I was talking yesterday with my friend Petr, who has recently launched Expert Decision, a news and commentary site covering issues facing his native Russia. The site being in Russian, and my Russian skills being limited to a couple words, it’s been necessary to resort to the translate tool in Chrome.
Here’s a sample of what it produced:
Before the SCO and BRICS summits, a little more than six months remain. The city authorities are hastily trying to put the streets in order. True, they choose not quite traditional methods of improvement. Residents collect signatures on a petition to ban the installation of protective screens. In your opinion, are fences really designed to increase sound insulation or is it an attempt to hide the “rotten”?
Is this perfectly fluid English? No. Would you mistake this for the writing of a native English speaker? If you’ve taught freshman comp maybe, but otherwise no.
However, it’s a damned sight better than the “all your base are belong to us” translation engines we had just a few short years ago. Using the Google translate function in Chrome you can now read Expert Decision, and millions of other sites around the world, well enough to get the story. As Petr observes, “it gives you a clue and conveys a general sense. Though parts are missing, of course. But who cares?”
I’d go further than this. I can get far more than a general sense. I have to do a little work in my own mind connecting some dots, but I come away with a pretty solid idea of the story. Yes, I may miss some nuance, but compared to, say, 2015?
Now let’s think five years into the future. My sense is that not only is translation technology improving, it’s doing so at a dizzying pace. What will AI-driven translators be able to accomplish, especially given the incomprehensible explosion of data it has to analyze and incorporate? My best guess is that within a decade these translation services will be as good as all but the very best humans. And only the most sophisticated readers will even be able to tell the difference between elite translators and the HAL.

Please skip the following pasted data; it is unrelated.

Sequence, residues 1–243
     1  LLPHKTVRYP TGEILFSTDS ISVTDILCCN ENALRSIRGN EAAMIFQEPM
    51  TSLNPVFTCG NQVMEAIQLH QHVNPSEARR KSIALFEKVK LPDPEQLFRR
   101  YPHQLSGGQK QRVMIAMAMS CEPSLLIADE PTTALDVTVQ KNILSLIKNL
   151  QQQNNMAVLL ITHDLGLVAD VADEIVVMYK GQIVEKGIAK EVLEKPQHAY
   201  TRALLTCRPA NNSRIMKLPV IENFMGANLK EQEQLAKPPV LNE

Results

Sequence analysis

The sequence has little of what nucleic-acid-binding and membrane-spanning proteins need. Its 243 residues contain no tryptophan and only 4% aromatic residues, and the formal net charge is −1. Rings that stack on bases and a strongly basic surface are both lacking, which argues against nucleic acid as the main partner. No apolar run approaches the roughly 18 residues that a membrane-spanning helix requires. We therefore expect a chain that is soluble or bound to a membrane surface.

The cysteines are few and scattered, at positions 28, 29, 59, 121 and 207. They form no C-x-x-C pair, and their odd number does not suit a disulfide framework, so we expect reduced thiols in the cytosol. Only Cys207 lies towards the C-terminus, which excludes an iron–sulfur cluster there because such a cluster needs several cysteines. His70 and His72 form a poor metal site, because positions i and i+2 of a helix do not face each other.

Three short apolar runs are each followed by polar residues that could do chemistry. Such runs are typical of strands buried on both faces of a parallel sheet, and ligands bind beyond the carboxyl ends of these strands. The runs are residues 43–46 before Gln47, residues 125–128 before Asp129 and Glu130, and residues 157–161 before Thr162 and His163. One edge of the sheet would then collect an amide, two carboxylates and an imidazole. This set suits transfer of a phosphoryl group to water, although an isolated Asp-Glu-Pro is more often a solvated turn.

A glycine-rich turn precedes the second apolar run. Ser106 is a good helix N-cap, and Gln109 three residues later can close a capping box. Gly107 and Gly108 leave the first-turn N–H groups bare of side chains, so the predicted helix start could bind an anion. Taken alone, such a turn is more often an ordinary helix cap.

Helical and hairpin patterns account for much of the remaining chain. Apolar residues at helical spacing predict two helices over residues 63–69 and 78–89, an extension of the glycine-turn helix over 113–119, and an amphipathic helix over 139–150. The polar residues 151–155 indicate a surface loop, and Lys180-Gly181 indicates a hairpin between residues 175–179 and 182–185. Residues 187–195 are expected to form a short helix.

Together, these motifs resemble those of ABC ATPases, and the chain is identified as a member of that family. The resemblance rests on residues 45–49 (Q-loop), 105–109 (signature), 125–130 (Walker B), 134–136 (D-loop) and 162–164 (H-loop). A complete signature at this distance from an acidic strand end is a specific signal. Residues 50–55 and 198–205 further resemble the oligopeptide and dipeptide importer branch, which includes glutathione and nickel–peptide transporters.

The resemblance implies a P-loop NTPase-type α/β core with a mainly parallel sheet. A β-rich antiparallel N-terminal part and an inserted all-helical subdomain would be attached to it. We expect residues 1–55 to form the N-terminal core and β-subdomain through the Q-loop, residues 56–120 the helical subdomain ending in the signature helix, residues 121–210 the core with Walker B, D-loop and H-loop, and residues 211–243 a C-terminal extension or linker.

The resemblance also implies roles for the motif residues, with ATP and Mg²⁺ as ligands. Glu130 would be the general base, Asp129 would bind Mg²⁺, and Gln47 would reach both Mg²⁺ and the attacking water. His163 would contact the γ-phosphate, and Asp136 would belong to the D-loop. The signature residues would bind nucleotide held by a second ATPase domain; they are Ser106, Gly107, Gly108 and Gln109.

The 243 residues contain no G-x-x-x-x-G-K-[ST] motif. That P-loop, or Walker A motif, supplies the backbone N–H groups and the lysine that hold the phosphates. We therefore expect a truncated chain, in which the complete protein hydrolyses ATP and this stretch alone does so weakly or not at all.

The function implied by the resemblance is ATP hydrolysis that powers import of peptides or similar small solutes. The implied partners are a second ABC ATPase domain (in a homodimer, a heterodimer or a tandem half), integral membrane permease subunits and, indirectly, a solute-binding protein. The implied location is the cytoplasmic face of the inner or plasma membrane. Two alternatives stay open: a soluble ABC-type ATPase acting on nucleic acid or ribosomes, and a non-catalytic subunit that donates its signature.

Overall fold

Remember how much fun it used to be plugging text into a translator and running it from English to Chinese to Gaelic to Romanian and back to English? There was some serious all your base silliness there. If you get your kicks that way do it now, while you still can.
This is great news for everyone. Well, except people who earn their livings as translators. If these folks haven’t figured it out yet, here’s the message: you’re in the buggy whip business.
Imagine an American news site wants to reach a German audience. Or a Polish company is expanding into France. Or a Spanish blogger, who happens to be a Japanophile, wants to reach folks in her beloved Nihon. As it stands now you’d have to tackle the challenge of rolling out a foreign-language version of your site, and while such things are more than doable (check out the .com of any global retailer, for instance), it is not easy. It also isn’t cheap.
But what if translation shifted from communicator-side to audience-side via transparent tech-driven translation? What if an American reading this post thinks hmmm, I wonder what this Expert Decision site is all about and clicks the link above?
There is no English version of the site. Google’s translation isn’t bad. But in ten years, it’s all going to be seamless. There won’t be links to foreign-language versions of the site and there probably won’t even be a pop-up asking if you’d like a translation. Your browser knows what language you speak (hell, Google will probably know what color underwear you’re wearing right now) and the site pops up in English. (If you live in London it even presents in British English and if you live in Scotland you’ll get … whatever language it is you people speak.)
In other words, at some point every web site will exist in all commonly-spoken languages. By default.
And this is just the text side of things. At some point I’ll be back to talk about voice recognition.
Isn’t this fun?